The lacrimal caruncle, also called the caruncula lachrymalis, is the small triangle-shaped pink bump located in the corner of the eye. Within this type of caruncle are sweat and oil glands called sudoriferous and sebaceous glands. Some accessory lacrimal glands, hair follicles, and tiny pieces of fat are also contained inside this small cutaneous mass. The glands in it secrete a thick whitish oily substance that is sometimes seen in the corner of a person’s eye after sleeping. On each side of the lacrimal caruncle are two tiny openings called lacrimal puncti that suction tears by vacuum each time the blinking motion of the upper eyelid has ended.
At the medial angle of the eye orbit is the canthus, where the lacrimal caruncle is located. This area is also known as the lacrimal lake. A fold in the conjunctiva called the plica semilunaris helps to keep foreign objects out of the eye and forms the mass of the lacrimal caruncle. It also leads into the lacrimal lake that stores the tears that coat the surface of the cornea. The conjunctiva is a mucus membrane that lines the back of the eyelids along with the eyeball, and is the site of the union of the sclera, cornea, and the upper and lower eyelids.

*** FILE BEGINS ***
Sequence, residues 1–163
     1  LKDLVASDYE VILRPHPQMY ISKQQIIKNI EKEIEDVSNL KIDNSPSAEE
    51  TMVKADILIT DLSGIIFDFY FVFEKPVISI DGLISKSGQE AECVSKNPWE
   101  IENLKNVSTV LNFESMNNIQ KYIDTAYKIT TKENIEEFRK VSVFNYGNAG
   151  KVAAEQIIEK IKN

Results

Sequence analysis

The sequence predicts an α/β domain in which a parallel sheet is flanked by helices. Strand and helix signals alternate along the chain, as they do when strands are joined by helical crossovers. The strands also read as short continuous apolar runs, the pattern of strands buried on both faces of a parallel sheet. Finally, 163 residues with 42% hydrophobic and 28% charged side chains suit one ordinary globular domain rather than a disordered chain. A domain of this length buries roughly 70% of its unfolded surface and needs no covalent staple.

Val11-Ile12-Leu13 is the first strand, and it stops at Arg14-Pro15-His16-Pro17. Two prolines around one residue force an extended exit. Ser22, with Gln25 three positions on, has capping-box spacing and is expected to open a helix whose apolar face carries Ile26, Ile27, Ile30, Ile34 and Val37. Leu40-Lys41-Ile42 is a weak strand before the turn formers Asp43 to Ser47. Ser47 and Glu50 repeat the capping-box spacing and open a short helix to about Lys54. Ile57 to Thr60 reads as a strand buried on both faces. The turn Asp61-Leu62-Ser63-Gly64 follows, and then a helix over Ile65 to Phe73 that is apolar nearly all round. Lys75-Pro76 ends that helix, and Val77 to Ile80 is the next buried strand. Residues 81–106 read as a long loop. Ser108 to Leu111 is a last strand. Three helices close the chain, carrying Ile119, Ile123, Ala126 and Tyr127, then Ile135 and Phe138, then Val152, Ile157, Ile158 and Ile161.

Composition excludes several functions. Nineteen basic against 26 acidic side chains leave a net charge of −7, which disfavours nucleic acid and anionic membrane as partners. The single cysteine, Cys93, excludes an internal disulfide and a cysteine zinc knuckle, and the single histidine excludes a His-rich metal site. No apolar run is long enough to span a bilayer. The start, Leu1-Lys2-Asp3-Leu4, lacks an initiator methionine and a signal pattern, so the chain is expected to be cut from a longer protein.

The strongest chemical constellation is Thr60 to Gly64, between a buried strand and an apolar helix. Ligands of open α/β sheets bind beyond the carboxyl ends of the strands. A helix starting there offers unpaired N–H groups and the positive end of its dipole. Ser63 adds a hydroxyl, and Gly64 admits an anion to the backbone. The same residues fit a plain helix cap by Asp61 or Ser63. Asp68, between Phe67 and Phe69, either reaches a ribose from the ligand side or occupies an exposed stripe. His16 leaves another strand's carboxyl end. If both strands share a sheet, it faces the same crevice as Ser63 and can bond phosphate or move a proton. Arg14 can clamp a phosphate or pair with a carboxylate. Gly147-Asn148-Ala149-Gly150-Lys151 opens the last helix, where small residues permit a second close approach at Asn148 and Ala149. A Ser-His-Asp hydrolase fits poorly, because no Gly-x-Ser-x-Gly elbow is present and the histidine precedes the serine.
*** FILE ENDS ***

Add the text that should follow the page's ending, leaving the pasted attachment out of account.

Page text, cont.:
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Many different anatomical structures are used by the lacrimal caruncle. The nerve that supplies the small triangular mass is called the intratrochlear nerve. Lymph drainage vessels from the caruncle drain into the submandibulary lymph nodes. Blood is supplied to it from the superior medial palpebral artery. Some striated muscle fibers from the orbicularis oculi, fibroblasts and melanocytes are found in the stroma just under the surface layer of the caruncle.
Several types of tumors may develop in the lacrimal caruncle and spread to the adnexal structures of the eyebrows, eyelids, and the orbit of the eye. The most common type of tumor is the epithelial tumor, followed by the inflammatory tumor and melanocytic tumors. Many of the tumors discovered on the eyebrows and eyelids originate in this caruncle.
Tumors may develop in the lacrimal caruncles that are epithelial, inflammatory, melanocytic, vascular, or lymphocytic in origin. Many of these tumors are found to be benign after a biopsy of the growth has been examined. Treatment for most benign tumors usually requires the surgical removal of the harmless growth. When a malignant tumor is discovered in the caruncle, the submandibular lymph nodes may also be involved. Chemotherapy and an operation to surgically excise the growth may be needed to treat this rare type of cancer.